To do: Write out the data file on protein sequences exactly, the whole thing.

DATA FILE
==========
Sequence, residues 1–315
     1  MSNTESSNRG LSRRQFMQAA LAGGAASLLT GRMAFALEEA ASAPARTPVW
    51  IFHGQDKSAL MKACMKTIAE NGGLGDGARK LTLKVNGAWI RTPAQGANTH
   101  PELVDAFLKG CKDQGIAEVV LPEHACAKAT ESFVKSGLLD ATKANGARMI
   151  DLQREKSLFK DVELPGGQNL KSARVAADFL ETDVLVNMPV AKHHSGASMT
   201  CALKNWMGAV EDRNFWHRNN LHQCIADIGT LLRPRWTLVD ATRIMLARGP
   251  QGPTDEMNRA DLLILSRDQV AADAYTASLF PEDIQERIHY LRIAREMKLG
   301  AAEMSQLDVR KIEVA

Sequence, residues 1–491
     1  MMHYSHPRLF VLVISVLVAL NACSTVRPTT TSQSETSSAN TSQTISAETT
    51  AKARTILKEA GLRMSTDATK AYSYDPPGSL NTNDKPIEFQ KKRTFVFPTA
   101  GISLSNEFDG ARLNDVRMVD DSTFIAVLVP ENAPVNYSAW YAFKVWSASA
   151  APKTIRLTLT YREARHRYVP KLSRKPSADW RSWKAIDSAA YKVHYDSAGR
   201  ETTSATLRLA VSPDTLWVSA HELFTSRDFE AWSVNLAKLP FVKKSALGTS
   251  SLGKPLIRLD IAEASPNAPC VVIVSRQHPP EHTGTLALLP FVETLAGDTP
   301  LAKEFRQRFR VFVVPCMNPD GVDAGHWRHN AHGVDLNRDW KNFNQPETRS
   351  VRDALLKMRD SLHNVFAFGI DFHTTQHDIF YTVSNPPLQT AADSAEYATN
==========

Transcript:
Sequence, residues 1–315
     1  MSNTESSNRG LSRRQFMQAA LAGGAASLLT GRMAFALEEA ASAPARTPVW
    51  IFHGQDKSAL MKACMKTIAE NGGLGDGARK LTLKVNGAWI RTPAQGANTH
   101  PELVDAFLKG CKDQGIAEVV LPEHACAKAT ESFVKSGLLD ATKANGARMI
   151  DLQREKSLFK DVELPGGQNL KSARVAADFL ETDVLVNMPV AKHHSGASMT
   201  CALKNWMGAV EDRNFWHRNN LHQCIADIGT LLRPRWTLVD ATRIMLARGP
   251  QGPTDEMNRA DLLILSRDQV AADAYTASLF PEDIQERIHY LRIAREMKLG
   301  AAEMSQLDVR KIEVA

Sequence, residues 1–491
     1  MMHYSHPRLF VLVISVLVAL NACSTVRPTT TSQSETSSAN TSQTISAETT
    51  AKARTILKEA GLRMSTDATK AYSYDPPGSL NTNDKPIEFQ KKRTFVFPTA
   101  GISLSNEFDG ARLNDVRMVD DSTFIAVLVP ENAPVNYSAW YAFKVWSASA
   151  APKTIRLTLT YREARHRYVP KLSRKPSADW RSWKAIDSAA YKVHYDSAGR
   201  ETTSATLRLA VSPDTLWVSA HELFTSRDFE AWSVNLAKLP FVKKSALGTS
   251  SLGKPLIRLD IAEASPNAPC VVIVSRQHPP EHTGTLALLP FVETLAGDTP
   301  LAKEFRQRFR VFVVPCMNPD GVDAGHWRHN AHGVDLNRDW KNFNQPETRS
   351  VRDALLKMRD SLHNVFAFGI DFHTTQHDIF YTVSNPPLQT AADSAEYATN